It’s the ultimate spiritual paradox: we don’t have to step very far or very fast, yet the significance of that miniscule step is massive—it doesn’t have to be much, but we have to mean it. When the gods of transformation picked me up and had their way with me, I had to let them. I had to go in and stand at that intersection, and say, “OK. I’ll do it. I’m ready to face whatever it is I need to face so I can feel something different.” I had to be willing to embrace the same dark self that I’d been undone by. Carl Jung referred to it as the Shadow, and I knew if I wanted to live with any amount of peace I was going to have to bring it into the light of day and make friends with it. Unfortunately, this process didn’t look or feel how I wanted it to—I don’t think it does for anyone. It wasn’t graceful or beautiful or uplifting—the process of deep, permanent inner change hardly ever is, at first.

Also, it didn’t happen overnight—it happened over time. I was not suddenly okay. There wasn’t a singular moment when I stopped and said: now I’m different, now I’m transformed. But I feel that way today. Transformation isn’t what happens when the universe feels sorry enough for us to have mercy. And it isn’t the gift of instant relief. It’s what happens when we finally decide we’re going to stop running and instead face, head on, whatever it is we have not been willing to. While I have, I hope, many years of living ahead of me, my experience with depression and my experience surviving it has helped me build the inner resources I’ll need for whatever else comes down the pike.

*****

I have a mental photograph of myself from six years ago, and in my mind I like to place it next to who I am now. Me, who can sit in a room and just breathe. Me, who can sleep through the night, who can feel hungry, who can make breakfast, who can dance in my living room, and who can then get into my car and drive to my job—all in the span of a couple of hours. Remembering the before and taking stock of the now helps me untangle what I’ve traversed, how I’ve healed, what it took, and everything about my getting better that I can’t account for. I am humbled by the power of what happened, and the way the transformative process became a steadfast bridge over the gap between then and now.

I feel indebted to that process as if it were a person, an entity, a teacher, but the bridge could not have been built without my permission. I had to help with the construction. I had to admit to myself how badly I needed it. I had to pick up the telephone and tell people. I had to become willing to stand in the middle of that intersection, even if it meant risking what little life I had left. I had to access courage in its purest form. And I had to pray to a god I didn’t even believe in.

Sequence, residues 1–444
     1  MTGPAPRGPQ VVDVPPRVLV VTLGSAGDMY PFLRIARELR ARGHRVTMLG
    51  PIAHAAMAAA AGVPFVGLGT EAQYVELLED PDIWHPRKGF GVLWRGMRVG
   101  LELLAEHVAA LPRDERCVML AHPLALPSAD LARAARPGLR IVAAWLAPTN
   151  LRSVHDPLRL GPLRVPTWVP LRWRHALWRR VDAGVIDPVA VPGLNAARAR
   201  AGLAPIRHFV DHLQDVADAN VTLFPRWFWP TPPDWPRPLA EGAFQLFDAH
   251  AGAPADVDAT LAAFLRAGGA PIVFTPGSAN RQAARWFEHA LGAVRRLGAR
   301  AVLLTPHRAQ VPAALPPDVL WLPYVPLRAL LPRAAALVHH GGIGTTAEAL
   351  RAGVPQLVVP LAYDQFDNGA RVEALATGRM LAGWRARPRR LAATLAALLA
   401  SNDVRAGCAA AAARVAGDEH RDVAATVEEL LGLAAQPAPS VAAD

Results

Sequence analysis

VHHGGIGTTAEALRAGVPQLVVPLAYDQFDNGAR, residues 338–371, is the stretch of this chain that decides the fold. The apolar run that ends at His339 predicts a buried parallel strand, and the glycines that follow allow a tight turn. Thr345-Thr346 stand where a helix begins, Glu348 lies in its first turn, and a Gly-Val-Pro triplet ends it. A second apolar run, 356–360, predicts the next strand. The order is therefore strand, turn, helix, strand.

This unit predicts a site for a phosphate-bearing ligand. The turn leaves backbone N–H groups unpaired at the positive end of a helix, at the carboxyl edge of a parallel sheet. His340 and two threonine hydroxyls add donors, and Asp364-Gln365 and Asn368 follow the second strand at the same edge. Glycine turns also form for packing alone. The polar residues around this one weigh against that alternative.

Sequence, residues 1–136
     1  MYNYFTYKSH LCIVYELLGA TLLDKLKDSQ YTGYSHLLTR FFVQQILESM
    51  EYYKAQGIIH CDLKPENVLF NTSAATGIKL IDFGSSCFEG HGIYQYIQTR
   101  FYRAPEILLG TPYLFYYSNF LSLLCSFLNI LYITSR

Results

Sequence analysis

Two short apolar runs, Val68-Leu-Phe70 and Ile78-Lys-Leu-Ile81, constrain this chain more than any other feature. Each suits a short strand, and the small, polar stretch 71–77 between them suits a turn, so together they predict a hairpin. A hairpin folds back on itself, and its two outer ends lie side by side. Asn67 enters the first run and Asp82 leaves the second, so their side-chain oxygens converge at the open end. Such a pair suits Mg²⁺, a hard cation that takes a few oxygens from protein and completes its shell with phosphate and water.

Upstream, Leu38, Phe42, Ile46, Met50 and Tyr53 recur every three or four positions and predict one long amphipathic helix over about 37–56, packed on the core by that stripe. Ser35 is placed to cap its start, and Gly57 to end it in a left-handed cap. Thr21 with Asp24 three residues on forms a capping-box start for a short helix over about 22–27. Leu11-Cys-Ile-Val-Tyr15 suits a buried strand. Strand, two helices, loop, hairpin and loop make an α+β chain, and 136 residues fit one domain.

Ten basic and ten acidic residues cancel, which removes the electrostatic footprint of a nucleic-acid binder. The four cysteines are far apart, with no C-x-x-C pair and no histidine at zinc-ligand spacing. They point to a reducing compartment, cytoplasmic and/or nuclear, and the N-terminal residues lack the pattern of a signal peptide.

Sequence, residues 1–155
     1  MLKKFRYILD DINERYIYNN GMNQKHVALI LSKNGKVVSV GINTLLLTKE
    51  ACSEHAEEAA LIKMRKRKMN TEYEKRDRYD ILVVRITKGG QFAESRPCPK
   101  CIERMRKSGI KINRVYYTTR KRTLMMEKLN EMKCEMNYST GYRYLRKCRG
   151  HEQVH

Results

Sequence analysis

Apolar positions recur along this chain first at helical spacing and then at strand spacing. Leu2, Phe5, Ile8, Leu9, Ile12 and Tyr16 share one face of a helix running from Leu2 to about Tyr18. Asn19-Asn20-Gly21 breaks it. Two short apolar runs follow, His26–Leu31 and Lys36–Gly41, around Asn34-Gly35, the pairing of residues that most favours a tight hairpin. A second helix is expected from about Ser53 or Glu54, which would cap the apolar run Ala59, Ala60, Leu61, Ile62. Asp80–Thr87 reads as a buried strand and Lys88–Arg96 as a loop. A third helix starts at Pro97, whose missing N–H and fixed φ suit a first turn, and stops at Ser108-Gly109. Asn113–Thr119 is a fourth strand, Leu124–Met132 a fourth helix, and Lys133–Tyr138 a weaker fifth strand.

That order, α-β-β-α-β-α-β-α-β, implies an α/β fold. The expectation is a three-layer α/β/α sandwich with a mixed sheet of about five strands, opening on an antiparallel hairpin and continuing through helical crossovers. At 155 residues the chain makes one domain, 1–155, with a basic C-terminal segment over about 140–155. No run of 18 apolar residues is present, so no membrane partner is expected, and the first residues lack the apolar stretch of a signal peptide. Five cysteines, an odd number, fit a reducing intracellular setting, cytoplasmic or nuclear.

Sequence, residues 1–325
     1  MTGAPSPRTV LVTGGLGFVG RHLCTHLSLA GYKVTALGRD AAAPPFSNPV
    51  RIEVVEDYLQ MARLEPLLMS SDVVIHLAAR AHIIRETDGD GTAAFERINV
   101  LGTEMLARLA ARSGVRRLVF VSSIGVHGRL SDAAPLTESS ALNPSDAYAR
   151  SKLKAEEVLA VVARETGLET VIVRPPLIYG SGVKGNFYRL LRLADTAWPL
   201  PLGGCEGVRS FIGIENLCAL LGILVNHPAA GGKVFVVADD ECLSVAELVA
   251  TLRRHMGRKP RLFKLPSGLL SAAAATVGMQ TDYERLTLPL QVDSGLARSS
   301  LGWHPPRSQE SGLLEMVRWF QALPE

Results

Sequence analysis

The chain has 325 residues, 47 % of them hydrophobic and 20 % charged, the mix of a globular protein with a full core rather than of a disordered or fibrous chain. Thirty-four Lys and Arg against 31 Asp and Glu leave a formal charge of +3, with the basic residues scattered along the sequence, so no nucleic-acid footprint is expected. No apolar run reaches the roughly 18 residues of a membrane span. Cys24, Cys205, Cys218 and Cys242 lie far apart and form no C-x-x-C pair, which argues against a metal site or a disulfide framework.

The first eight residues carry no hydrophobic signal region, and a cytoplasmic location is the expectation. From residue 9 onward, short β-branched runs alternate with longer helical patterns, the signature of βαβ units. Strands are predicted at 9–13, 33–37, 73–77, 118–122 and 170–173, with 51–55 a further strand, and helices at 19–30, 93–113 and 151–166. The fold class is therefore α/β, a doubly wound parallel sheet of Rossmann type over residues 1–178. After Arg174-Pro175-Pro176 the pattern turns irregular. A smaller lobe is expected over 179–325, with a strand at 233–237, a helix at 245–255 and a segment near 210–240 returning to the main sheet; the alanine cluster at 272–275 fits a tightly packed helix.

I still have episodes of depression, but I am lucky that they do not last long, aren’t paralyzing, and, generally, are made better by talking to people, getting more sleep, eating healthier food, and, well, dancing in my living room. In some ways, it might not even qualify as depression, as these are things that made no difference when I was in the worst stages of it those years ago.

Transformation—real transformation—leaves us at home in our own skin. The mind becomes something of a friend, a powerful tool which we can use to move in the direction of goodness. The transformative process, most of the time—from mental illness to health, heartbreak to serenity, addiction to recovery, confusion to clarity—will not feel good. And the biggest mistake a person can make is to expect it to. The journey can be difficult and lonely and, when we’re in the middle of it, it will feel like nothing is changing at all. But then one day we’ll realize we are on the other side of something. We can look behind us in awe, knowing that all we did to get to where we are now was give up, just a little.


Laura Didyk, MFA, former Special Projects Editor at Kripalu Center, is an essayist, poet, and a former athlete with a lifelong passion for nutritional health and optimal living.

© Kripalu Center for Yoga & Health. All rights reserved. Originally published in the May 2008 issue of Kripalu Online. To request permission to reprint, please e-mail editor@kripalu.org.